Facts about the course

Study points:
5
Responsible department:
Faculty of Logistics
Course Leader:
Bjørn Jæger
Lecture Semester:
Spring
Teaching language:
English
Duration:
½ year

DRL028 PhD Seminar on Blockchain Applications in Supply Chain Management (Spring 2020)

About the course

The aim of this PhD seminar is to discuss how blockchain technologies can be used in supply chain operations for business-to-business (B2B) operations (Bendoly 2004). Since the 1980s, ERP systems have evolved to support and automate the intra-organizational processes of enterprises, they are confined to the enterprise by their business model rooted in the theory of the firm, as well as by the legislation that require each enterprise to maintain financial accounts of all values exchanged with the external partners (Rasmussen 2007; Dechow 2005). For inter-organizational processes, it has not been a similar evolution of a standard enterprise-to-enterprise resource management system for business networks (Cecere 2014). The complexity of global business networks and its multifaced governance structures makes interoperability across organizations a challenging task. Still, the most significant cause hampering a standard information system for inter-organizational purposes seems to be the inherent challenges in information sharing. Blockchain technologies have been seen as a potential solution to enforce intellectual property rights of information, as well as offering a way of sharing information in a network without mutual trust between the parties (Lacity, 2018). It is based on algorithms that lead to consensus among the network nodes and market mechanisms that motivate the nodes to behave in a non-opportunistic manner (Mendling 2018; Nakamoto 2008). This is recognized by the business environment as well as the research community as illustrated by the quote from Mendling (2018) “the emerging blockchain technology has the potential to drastically change the environment in which inter-organizational processes are able to operate”. In parallel with this, there is a move towards a more networked economy causing the external relations of an enterprise to increase in importance (Winter 2014). For most companies, this puts forward a need to explore blockchain technologies for their external business operations (Lacity, 2018). This PhD-seminar presents research on blockchain applications in supply chain management and offer an opportunity to discuss future applications and case studies involving blockchain technologies.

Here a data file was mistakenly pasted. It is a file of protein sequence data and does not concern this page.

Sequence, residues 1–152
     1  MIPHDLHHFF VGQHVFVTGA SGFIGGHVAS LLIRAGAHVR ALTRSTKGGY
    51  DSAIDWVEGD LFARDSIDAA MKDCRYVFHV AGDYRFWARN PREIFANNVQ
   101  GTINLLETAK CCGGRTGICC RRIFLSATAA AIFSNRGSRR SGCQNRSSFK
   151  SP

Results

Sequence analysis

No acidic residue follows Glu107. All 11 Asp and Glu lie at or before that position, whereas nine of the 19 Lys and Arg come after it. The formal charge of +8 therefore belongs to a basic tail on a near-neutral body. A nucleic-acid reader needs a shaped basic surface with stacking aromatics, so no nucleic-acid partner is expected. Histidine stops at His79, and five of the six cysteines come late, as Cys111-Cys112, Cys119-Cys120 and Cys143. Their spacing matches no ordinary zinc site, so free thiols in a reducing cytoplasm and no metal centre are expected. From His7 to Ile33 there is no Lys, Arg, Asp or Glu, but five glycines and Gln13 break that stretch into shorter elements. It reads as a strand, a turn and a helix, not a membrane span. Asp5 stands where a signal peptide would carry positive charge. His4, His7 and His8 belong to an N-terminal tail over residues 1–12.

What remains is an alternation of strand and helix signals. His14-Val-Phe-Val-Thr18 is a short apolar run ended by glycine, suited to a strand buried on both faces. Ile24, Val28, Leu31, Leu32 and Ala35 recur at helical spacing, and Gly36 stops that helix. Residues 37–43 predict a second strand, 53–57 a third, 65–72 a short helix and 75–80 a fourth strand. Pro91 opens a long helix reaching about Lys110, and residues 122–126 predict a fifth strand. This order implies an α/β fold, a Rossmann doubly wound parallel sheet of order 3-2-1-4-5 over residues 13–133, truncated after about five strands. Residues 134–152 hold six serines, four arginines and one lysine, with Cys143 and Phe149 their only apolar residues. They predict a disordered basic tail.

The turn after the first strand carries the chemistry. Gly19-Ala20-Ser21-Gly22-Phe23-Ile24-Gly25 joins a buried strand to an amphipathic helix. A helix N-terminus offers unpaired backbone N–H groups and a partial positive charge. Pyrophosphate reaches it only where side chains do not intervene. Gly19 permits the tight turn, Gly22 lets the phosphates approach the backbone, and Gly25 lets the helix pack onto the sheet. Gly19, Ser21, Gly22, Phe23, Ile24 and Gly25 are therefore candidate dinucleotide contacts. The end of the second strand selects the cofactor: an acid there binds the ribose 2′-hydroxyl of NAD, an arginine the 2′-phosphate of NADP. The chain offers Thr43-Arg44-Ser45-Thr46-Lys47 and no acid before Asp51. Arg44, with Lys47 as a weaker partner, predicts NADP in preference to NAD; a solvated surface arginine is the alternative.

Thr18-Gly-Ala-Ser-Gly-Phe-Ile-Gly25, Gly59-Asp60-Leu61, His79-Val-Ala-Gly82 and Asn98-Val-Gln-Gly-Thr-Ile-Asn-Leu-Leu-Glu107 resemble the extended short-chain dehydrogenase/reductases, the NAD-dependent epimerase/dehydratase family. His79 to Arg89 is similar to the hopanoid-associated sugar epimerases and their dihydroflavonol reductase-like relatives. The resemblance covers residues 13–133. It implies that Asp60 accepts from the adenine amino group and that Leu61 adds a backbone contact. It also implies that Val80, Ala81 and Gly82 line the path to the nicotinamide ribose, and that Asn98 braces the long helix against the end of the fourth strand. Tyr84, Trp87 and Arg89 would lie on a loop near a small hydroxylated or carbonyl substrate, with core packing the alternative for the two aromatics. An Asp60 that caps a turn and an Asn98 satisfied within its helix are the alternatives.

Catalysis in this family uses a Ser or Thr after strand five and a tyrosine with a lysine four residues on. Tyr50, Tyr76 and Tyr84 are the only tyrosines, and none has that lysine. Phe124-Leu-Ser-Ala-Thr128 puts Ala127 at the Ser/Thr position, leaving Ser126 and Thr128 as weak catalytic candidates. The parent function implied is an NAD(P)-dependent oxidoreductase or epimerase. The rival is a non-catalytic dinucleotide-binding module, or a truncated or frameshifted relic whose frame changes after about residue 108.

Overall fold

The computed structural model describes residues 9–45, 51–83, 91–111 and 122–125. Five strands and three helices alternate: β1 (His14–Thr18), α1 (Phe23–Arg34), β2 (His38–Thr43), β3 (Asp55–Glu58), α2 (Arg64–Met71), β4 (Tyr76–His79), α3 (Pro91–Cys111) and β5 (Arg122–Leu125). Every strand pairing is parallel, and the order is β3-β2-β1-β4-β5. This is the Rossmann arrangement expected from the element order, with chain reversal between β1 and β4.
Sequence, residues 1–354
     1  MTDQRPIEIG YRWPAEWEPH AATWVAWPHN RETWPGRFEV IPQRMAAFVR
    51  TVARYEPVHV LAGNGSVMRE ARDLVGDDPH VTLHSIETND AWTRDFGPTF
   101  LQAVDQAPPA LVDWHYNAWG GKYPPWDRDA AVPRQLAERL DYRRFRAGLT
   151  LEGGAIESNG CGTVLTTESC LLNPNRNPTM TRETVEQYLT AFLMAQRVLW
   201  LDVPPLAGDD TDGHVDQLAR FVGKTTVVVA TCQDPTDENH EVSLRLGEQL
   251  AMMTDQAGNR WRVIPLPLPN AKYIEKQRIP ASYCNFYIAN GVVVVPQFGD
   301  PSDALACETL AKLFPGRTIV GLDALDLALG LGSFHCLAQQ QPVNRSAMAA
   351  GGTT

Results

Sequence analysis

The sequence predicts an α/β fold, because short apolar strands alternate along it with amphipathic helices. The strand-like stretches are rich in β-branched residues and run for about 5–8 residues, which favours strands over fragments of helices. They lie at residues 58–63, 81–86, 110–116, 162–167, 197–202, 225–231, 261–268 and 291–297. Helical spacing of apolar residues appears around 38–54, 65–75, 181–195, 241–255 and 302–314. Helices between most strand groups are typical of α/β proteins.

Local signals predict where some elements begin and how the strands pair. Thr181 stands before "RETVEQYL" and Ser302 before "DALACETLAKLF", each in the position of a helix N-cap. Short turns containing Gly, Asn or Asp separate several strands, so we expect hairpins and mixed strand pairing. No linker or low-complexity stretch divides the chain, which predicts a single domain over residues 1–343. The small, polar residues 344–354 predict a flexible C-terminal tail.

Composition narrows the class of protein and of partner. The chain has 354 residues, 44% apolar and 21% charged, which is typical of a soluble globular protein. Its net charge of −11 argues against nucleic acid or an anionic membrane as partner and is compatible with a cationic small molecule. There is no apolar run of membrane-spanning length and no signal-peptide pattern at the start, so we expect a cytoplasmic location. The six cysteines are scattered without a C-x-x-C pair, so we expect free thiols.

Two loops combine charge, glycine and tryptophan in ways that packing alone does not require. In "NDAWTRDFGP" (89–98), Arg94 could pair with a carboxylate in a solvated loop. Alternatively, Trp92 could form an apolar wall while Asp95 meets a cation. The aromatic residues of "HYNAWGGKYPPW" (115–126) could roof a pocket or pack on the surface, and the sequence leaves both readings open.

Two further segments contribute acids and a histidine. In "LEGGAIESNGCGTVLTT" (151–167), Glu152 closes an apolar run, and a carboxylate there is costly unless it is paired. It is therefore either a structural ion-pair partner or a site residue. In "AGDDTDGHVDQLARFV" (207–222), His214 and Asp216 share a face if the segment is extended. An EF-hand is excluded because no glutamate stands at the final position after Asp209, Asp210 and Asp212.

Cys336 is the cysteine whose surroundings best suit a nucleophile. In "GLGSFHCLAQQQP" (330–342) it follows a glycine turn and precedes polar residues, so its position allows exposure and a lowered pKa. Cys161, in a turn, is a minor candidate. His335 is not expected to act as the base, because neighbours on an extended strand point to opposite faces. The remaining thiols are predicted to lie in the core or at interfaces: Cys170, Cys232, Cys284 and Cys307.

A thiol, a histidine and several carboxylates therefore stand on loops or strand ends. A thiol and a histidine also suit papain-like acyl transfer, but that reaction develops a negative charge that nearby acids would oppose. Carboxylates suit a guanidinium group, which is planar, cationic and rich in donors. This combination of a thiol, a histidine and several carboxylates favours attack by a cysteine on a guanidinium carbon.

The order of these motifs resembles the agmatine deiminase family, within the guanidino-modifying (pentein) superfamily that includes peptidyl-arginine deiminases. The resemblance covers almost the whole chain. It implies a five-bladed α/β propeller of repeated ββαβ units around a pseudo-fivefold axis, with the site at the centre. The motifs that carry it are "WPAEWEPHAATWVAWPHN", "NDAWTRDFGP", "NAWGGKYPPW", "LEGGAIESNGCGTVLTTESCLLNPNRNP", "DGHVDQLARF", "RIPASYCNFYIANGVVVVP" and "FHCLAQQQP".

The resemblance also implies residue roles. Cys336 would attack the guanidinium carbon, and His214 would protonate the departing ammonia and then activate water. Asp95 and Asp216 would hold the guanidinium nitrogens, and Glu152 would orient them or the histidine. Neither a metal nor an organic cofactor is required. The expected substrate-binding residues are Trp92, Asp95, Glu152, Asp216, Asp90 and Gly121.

Bendoly, E., Soni, A., & Venkataramanan, M. A. (2004). Value Chain Resource Planning (VCRP): Adding Value with Systems beyond the Enterprise. Business Horizons, 47(2), 79-86.

Cecere, L. (2014). Building business-to-business supply chain networks. Supply Chain Insights, 1-30.

Dechow, N., & Mouritsen, J. (2005). Enterprise resource planning systems, management control and the quest for integration. Accounting, organizations and society, 30(7-8), 691-733.

Lacity, M. C., (2018) Addressing Key Challenges to Making Enterprise Blockchain Applications a Reality, MIS Quarterly Executive, 2018

Mendling, J., Weber, I., Aalst, W. V. D., Brocke, J. V., Cabanillas, C., Daniel, F., ... & Gal, A. (2018). Blockchains for business process management-challenges and opportunities. ACM Transactions on Management Information Systems (TMIS), 9(1), 4.

Nakamoto, S., (2008) Bitcoin: A Peer-to-Peer Electronic Cash System, bitcoin.org/bitcoin.pdf

Winter, S., Berente, N., Howison, J., & Butler, B. (2014). Beyond the organizational ‘container’: Conceptualizing 21st century sociotechnical work. Information and Organization, 24(4), 250-269

The course is connected to the following study programs

The student's learning outcomes after completing the course

Properties of blockchain technologies. How blockchain technologies can be used in supply chain applications for business-to-business operations.

Forms of teaching and learning

Lecturing, presentation of research on blockchain applications in supply chain management, organized discussions on future applications and case studies involving blockchain technologies.

Coursework requirements - conditions for taking the exam

30 h lectures plus student presentations and course paper. All lectures are mandatory.

Examination

  • Form of assessment: Course paper approved

  • Duration: One Week

  • Grading scale: Pass / Fail

Syllabus

TBA

Last updated from FS (Common Student System) Oct. 18, 2019 9:30:23 PM